5 things to know for December 28: Covid, Crime, Japan & China, shootings in Denver, Somalia


By AJ Willingham, CNN

It’s been an interesting year for just about everything including art and fashion. The Biggest Cultural Moments of 2021 spans iconic award moments, jaw-dropping digital art sales and more.

Here’s what you need to know to Get operational and get on with your day.

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1. Coronavirus

The CDC has shortened the recommended timeframes for people to self-isolate when they have tested positive or have been exposed to Covid-19. Now, the agency says people should only self-isolate for five days instead of 10 if they are positive but have no symptoms – and continue to wear masks around others for five more days. People who were sick but whose symptoms are improving and who do not have a fever can also leave the house after five days, as can those who have been exposed to Covid-19 but are fully vaccinated. The CDC says the change is based on scientific evidence that most transmissions occur early in the disease, just before and after symptoms appear.

2. Delinquency

The Justice Department has distributed a wave of grants to help cities cope with the recent increase in violent crime. The ministry’s Office of Justice Programs says hundreds of communities and organizations are receiving or are eligible to receive $ 1.6 billion to support a wide range of public safety programs. For example, the Justice Assistance Grant will share over $ 271.9 million, including $ 187 million for state law enforcement agencies and over $ 84.9 million for over 900 cities and counties. . Initiatives covered by the funding may include items such as drug and gang task forces, family violence programs, treatment and correction programs, and other crime reduction efforts.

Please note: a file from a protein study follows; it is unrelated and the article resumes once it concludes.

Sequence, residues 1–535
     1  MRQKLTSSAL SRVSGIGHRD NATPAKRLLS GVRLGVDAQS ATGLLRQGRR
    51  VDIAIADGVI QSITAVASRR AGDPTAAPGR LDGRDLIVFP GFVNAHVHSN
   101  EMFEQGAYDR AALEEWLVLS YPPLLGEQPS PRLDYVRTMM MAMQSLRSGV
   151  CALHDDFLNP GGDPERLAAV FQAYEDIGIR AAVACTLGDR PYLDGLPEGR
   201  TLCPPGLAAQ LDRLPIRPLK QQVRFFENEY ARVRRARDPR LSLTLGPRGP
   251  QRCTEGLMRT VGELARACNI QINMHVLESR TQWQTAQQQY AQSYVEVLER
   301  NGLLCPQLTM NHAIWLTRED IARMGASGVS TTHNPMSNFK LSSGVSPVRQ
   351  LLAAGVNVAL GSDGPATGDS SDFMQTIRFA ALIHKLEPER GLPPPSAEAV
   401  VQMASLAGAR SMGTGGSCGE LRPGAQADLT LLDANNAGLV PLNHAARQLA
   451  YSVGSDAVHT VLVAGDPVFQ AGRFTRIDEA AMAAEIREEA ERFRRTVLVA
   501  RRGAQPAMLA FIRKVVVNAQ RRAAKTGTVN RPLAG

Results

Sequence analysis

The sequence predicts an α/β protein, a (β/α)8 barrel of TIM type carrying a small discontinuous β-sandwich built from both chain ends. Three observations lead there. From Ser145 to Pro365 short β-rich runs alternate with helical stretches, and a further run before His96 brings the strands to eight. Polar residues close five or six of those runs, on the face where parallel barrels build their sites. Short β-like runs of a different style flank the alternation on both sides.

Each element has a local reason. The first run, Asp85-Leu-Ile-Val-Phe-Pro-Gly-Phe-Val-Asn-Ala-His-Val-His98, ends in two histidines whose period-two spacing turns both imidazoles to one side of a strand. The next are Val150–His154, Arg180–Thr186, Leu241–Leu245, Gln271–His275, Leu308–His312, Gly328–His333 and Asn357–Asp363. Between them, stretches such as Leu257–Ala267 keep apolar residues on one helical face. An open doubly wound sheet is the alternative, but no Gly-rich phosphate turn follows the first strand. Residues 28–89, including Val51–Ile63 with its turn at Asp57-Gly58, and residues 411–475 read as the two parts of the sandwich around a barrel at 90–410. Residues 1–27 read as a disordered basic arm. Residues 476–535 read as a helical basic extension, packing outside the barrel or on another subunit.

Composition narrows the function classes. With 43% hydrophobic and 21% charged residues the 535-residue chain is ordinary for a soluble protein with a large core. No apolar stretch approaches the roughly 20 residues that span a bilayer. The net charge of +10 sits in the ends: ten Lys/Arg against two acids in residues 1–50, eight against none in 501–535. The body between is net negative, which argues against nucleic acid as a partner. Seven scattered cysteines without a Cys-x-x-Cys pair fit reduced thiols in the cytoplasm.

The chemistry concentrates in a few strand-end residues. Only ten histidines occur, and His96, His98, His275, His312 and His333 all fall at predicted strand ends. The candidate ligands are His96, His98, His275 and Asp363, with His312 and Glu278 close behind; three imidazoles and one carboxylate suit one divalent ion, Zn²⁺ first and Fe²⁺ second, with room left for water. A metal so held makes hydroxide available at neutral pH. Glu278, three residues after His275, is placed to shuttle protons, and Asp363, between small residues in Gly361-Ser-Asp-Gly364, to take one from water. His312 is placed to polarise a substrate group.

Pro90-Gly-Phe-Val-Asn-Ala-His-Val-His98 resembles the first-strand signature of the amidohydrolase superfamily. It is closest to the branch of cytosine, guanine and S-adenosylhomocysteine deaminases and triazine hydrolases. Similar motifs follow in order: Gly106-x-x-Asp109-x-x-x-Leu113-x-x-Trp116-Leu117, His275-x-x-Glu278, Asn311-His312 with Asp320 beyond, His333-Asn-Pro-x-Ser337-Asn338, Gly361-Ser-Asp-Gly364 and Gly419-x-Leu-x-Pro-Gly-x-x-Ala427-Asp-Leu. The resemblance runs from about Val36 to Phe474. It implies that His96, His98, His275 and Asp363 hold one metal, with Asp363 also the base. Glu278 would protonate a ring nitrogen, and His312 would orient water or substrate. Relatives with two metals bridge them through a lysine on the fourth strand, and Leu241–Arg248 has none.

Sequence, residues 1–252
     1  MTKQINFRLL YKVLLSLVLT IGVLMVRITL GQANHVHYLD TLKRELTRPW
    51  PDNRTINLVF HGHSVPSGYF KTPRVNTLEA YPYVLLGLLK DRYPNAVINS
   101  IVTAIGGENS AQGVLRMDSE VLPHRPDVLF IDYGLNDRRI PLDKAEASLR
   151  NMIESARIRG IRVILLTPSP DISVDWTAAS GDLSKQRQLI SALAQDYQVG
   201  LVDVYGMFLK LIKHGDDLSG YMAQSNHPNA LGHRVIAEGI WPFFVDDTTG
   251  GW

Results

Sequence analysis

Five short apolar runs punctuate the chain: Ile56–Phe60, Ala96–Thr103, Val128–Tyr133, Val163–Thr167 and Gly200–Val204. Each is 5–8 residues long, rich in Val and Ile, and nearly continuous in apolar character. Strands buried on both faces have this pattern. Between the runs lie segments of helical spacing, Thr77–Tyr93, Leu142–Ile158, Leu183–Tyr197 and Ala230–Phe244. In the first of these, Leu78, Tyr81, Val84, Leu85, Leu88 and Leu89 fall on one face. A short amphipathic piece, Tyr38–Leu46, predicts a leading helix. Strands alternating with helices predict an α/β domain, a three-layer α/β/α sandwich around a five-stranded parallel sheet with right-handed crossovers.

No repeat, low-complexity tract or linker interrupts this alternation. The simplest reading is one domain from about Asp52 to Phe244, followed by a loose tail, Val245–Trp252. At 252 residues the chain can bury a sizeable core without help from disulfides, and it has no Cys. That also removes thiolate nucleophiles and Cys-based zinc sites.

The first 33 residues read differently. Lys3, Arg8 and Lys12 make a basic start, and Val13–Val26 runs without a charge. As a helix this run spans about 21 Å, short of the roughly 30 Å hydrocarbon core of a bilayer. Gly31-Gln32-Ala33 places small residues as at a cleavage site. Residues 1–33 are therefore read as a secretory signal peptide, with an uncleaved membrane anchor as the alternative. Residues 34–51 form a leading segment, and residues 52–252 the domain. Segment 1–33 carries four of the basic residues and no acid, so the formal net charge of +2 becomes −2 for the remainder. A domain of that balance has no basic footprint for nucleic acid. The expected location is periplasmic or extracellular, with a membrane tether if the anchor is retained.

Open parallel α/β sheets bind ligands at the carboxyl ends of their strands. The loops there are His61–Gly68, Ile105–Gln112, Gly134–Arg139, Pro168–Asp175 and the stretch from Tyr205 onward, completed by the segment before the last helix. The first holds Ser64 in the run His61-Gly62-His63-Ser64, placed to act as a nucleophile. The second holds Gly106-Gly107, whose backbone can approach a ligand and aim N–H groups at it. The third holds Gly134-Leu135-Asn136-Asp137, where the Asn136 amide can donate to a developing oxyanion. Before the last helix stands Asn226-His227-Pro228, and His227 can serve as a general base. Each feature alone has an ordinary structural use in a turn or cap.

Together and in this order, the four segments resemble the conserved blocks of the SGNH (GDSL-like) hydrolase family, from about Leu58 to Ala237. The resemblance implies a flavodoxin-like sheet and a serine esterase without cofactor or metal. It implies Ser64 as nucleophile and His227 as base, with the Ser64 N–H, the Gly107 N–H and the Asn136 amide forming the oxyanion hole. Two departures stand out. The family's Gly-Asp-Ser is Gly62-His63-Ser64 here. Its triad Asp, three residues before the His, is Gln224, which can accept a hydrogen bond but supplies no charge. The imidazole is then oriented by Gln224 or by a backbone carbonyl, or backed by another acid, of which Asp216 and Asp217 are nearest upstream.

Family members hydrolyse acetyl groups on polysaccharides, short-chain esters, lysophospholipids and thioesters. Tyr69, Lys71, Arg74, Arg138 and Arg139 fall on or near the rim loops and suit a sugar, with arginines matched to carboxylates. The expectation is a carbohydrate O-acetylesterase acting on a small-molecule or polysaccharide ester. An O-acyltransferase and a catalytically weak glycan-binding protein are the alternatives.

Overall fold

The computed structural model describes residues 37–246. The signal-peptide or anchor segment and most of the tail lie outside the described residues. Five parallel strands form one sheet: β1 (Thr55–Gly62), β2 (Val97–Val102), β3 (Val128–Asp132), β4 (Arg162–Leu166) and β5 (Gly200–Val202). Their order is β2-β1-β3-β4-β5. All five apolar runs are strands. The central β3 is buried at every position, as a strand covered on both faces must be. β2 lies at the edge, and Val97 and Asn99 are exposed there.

3. Japan and China

The defense ministers of Japan and China have agreed to set up a joint defense hotline by the end of 2022, even as the two East Asian powers continue to disagree on territorial disputes and military positions. Tokyo is increasingly worried about the situation around Taiwan, the autonomous island that China claims to be its own. Japan and China also have a long-standing dispute over a chain of uninhabited Japanese-controlled islands in the East China Sea known as Senkakus in Japan and Diaoyus in China. In recent years, Japan has strengthened its air and sea defenses in response to China’s demonstrations of military aggression in the South China Sea and beyond.

4. Shootings in Denver

At least four people have died in a series of shootings in the Denver metro area last night. The suspect is also deceased, authorities said. The shooter killed and injured people in several locations, including a business, a shopping area and a hotel. Police were involved in a car chase and exchanged gunfire with the suspect. At one point, the suspect neutralized a police car during the chase and injured an officer before being shot. Law enforcement officials say there is no ongoing threat to the community and that they have no known motive for the shootings.

5. Somalia

Somali President Mohamed Abdullahi Mohamed Farmajo has suspended the powers of the Prime Minister, raising fears of political violence in the country. Farmajo accused Prime Minister Mohamed Hussein Roble of pillaging public land and tampering with the investigation that followed. The power struggle between the two leaders stems from a row over Somalia’s long-delayed parliamentary elections. The two men accused each other of delaying the elections. The US and UK have both called for calm, lest the situation in the politically unstable country turn violent.


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That’s roughly the number of children evacuated from Afghanistan without their parents since August. Hundreds of these children have yet to be reunited with their families, and some may never be, according to an expert.


“I condemn this serious incident and all attacks against civilians throughout the country, which are prohibited by international humanitarian law. “

United Nations Under-Secretary-General for Humanitarian Affairs and Emergency Relief Coordinator Martin Griffiths, who said he was “horrified” by the reported killings of at least 35 civilians in Myanmar.


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